Jambalaya and a crawfish pie and file' gumbo / 'Cause tonight I'm gonna see my ma cher amio / Pick guitar, fill fruit jar and be gay-o / Son of a gun, we'll have big fun on the bayou -- Hank Williams, "Jambalaya"
In late December, Southern Living announced a contest in which 10 "Southern" cities would compete to see which could accrue the most Internet votes to be named the magazine's "Tastiest City in the South." I put "Southern" in quotes because many people initially took issue with cities like Houston and Baltimore being considered Southern.
Many more people, however, have taken issue with the way that each city's votes are tallied. From the very beginning, Lafayette and Louisville (cities which have populations of 120,000 and 741,000 respectively) were handily beating far larger cities like our own in the polls.
While a few Internet commenters suggested that robo-voters were responsible for the drastic difference in votes between the two cities and the rest of the list -- each have around 115,000 votes as of today, while the next closest city (New Orleans, historically known as an important food city) has only 35,000 -- I heard some dissenting opinions and was intrigued.
Dancing to the weekly zydeco concert in Vermilionville's Performance Center.
Friends of mine from Louisiana have described Lafayette to me as the state's Austin: a small town where the young, cool kids and their young, cool restaurants come to congregate. They've also told me that although the town itself is small, its dining scene is huge. "They eat out with as much frequency and interest" as we do in Houston, one friend from Baton Rouge explained. The fact that the little town had pulled so far ahead in voting didn't surprise him.
Paula Disbrowe herself, Southern Living's senior travel editor, had even emphasized Lafayette when we spoke on the phone in December.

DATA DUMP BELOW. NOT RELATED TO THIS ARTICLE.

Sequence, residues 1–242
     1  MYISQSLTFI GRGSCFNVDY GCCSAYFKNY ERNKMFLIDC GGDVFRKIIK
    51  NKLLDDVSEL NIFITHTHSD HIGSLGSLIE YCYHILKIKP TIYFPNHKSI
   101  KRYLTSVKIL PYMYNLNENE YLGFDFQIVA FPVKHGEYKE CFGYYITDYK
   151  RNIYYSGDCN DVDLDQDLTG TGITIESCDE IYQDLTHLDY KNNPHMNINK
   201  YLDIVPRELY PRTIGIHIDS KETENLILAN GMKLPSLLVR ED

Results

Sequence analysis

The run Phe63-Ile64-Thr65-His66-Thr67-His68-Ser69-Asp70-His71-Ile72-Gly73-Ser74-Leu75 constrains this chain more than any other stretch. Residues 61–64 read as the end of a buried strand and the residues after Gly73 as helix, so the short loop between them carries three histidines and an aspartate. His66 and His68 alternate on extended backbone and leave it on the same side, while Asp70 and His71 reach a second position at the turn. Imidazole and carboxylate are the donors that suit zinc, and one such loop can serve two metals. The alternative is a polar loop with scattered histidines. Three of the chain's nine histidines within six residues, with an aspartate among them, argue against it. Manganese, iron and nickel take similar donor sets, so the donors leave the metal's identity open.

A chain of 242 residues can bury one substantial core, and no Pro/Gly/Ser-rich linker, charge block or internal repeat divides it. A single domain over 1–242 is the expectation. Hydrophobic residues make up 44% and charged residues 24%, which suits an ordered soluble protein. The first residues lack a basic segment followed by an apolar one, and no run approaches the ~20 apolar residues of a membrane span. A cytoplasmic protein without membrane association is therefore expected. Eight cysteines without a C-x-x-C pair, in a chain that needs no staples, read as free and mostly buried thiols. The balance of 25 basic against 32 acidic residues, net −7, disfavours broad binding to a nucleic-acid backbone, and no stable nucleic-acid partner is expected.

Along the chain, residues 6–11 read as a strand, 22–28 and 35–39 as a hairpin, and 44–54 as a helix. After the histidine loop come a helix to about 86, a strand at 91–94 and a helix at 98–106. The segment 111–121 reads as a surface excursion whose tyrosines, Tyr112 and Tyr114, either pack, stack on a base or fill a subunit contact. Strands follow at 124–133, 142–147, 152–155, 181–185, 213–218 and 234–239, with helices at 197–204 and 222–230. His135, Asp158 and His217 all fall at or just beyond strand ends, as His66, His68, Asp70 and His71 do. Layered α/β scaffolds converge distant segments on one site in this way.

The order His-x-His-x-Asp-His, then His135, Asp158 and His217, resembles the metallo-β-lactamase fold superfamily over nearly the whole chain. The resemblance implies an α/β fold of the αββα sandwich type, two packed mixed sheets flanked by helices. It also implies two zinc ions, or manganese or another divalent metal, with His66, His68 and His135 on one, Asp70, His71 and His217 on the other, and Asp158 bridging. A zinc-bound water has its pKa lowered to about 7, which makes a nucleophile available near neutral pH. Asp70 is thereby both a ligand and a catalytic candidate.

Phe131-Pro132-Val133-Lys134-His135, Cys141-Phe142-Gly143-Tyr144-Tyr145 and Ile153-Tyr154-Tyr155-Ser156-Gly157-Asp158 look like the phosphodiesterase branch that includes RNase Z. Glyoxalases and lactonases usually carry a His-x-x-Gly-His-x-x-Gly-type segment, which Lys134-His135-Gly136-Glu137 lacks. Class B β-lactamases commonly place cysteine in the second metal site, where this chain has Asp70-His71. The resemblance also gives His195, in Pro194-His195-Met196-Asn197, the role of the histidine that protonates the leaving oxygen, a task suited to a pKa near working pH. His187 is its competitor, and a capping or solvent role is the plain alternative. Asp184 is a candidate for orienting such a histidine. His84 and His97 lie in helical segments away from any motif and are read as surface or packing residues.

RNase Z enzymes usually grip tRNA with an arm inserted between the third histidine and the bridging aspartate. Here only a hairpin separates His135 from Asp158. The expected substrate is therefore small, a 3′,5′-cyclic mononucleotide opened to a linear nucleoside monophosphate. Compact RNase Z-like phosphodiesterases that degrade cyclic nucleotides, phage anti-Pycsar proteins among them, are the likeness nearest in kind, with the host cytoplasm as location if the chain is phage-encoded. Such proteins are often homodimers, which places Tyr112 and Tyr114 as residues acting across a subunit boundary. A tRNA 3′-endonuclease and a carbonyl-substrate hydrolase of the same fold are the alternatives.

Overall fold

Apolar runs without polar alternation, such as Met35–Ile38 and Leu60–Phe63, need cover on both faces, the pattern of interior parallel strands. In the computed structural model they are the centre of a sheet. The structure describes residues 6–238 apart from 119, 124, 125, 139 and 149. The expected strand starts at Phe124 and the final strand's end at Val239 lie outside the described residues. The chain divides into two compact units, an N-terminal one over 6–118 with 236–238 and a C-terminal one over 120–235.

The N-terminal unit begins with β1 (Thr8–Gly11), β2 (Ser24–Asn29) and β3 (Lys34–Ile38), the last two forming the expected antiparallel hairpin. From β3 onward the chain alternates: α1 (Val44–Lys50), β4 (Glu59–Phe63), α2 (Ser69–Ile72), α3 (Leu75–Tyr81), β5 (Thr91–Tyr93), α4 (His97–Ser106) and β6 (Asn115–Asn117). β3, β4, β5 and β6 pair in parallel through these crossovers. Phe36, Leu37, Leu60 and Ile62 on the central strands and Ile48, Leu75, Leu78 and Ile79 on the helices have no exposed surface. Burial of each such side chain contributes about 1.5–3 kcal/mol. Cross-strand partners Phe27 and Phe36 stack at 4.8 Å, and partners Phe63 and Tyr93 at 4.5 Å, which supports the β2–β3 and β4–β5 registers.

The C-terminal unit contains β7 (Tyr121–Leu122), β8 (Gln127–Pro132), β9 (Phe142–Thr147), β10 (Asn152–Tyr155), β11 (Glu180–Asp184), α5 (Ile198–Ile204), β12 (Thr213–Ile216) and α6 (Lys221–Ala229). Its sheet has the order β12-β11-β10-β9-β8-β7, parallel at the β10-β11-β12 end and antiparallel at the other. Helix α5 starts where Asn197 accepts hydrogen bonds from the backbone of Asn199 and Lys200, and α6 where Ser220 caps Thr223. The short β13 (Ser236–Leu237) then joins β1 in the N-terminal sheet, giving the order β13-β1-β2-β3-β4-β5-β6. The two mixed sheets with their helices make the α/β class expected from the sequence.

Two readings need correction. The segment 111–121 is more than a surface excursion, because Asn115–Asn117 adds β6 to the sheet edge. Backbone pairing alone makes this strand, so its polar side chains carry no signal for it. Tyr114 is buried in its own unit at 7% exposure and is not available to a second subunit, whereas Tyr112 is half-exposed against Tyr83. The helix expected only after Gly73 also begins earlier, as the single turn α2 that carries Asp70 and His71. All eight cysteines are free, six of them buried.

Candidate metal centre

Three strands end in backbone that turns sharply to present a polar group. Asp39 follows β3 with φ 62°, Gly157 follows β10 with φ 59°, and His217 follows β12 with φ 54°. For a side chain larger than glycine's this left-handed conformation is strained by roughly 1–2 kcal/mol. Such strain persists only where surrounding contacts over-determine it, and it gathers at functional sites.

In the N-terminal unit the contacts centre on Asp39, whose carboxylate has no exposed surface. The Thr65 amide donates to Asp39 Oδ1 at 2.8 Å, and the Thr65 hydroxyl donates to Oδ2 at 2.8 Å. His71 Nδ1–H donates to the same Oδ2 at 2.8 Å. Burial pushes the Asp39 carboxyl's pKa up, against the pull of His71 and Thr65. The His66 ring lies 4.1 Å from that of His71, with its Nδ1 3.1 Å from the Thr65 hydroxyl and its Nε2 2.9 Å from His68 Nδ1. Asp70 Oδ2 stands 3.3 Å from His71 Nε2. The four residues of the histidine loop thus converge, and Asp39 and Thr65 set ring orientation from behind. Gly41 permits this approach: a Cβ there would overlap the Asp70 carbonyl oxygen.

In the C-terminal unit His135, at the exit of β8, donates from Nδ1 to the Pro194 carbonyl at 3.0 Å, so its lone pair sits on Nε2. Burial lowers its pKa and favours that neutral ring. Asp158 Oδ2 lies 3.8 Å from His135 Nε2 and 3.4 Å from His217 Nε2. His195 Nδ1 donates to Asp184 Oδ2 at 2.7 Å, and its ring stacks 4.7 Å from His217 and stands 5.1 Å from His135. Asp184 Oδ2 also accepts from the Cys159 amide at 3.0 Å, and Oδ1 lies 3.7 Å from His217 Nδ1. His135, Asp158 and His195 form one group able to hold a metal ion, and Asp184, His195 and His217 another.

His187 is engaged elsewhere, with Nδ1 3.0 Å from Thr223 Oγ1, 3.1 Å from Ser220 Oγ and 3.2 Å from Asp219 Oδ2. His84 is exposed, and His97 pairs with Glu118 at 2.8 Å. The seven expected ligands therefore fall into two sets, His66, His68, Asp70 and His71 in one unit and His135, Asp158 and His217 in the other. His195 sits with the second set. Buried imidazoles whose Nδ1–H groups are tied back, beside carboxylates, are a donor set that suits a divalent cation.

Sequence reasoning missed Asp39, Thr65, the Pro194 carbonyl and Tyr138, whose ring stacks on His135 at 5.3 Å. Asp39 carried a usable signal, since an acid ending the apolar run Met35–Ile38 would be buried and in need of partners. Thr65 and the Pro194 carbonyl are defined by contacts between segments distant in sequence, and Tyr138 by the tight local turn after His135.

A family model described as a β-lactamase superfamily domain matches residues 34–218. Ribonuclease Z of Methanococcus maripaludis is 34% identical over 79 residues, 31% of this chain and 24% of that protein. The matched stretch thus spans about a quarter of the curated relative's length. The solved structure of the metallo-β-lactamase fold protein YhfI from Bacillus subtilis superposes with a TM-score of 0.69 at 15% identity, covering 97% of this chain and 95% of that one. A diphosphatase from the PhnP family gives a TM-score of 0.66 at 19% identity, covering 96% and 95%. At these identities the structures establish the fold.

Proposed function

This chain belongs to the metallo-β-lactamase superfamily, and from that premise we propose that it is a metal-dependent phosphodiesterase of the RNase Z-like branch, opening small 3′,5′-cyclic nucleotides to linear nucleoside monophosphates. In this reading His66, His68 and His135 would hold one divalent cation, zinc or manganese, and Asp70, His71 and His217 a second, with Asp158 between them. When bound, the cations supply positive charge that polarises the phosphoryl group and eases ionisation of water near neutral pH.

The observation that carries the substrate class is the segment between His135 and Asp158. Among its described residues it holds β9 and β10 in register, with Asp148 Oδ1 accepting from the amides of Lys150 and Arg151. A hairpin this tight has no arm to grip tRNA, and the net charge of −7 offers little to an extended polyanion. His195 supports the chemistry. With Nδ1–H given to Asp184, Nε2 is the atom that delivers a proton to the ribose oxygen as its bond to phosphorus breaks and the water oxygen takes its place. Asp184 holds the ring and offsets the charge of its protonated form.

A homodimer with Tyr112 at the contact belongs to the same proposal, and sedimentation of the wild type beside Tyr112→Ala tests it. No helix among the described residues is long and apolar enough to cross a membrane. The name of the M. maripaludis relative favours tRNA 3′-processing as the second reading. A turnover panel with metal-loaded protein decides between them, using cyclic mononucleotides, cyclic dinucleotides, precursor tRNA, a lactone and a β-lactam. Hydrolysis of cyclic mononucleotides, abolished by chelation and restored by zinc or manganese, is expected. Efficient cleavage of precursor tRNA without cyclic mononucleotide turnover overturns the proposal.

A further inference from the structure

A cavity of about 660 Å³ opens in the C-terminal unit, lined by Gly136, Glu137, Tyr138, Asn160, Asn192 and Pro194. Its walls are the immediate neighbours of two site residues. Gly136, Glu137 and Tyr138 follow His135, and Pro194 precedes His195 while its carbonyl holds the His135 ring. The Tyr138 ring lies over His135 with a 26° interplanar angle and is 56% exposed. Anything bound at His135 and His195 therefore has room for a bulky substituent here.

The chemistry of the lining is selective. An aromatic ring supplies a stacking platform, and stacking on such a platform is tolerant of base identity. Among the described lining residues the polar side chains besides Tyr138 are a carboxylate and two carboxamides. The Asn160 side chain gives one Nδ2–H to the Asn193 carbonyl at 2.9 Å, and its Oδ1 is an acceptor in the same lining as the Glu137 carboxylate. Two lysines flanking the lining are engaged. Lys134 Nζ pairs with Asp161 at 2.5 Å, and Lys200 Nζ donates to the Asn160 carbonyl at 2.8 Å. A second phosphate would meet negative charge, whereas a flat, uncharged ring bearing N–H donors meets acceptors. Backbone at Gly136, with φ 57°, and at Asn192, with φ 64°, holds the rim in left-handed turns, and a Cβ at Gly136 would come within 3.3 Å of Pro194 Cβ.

"It's good, solid cooking that comes from a really personal place," Disbrowe said of Lafayette's food scene. "Not just gimmick for gimmick's sake or harnessing the next food trends, but bringing refined urban sensibilities to boudin or smoked sausage that their grandmothers used to make."
I'd only been to Lafayette and Louisville once, both times on business. In Lafayette, I ate at Prejean's and wasn't terribly impressed with the food. I ended up instead finding the best boudin of my life in Breaux Bridge, just down the road, and never really thought of Lafayette again. Southern Living had piqued my interest in re-examining both cities, and I set out to Lafayette this weekend, as it's only three hours away by car and an easy drive from Houston.
What I found in the small town charmed me and completely won me over.
The things I found myself loving about Lafayette were things that I can't get in Houston. In other words, the things that make a city or town worth traveling to. Lafayette has a firmly established identity and understanding of itself in this way that makes it an excellent tourist destination. Its message is clear: Lafayette is the capital of Cajun country. You know exactly what you're getting into when you go there.
I found myself instantly fond of the charming, walkable downtown area with shops and museums side-by-side next to wine and craft beer bars and popular restaurants. At night, Rue Jefferson turns into a tamer version of New Orleans's Bourbon Street, with far more hipsters in the street than vomiting frat boys, and local screenprinting companies selling T-shirts that say "Buy Leauxcal" inviting people in instead of strip clubs.
I loved finding traditional ingredients and dishes hipped up in places like downtown's The French Press, a quaint restaurant next door to a reclaimed bicycle shop, where I marveled at a Cajun dip sandwich made with cochon de lait and housemade pickles, served with a ramekin of pork fat drippings. The perfectly crispy po-boy bread -- the lack of which we often lament here in Houston -- melted each time I submerged it into the dipping sauce, forming soft pillows around the tender roasted pork.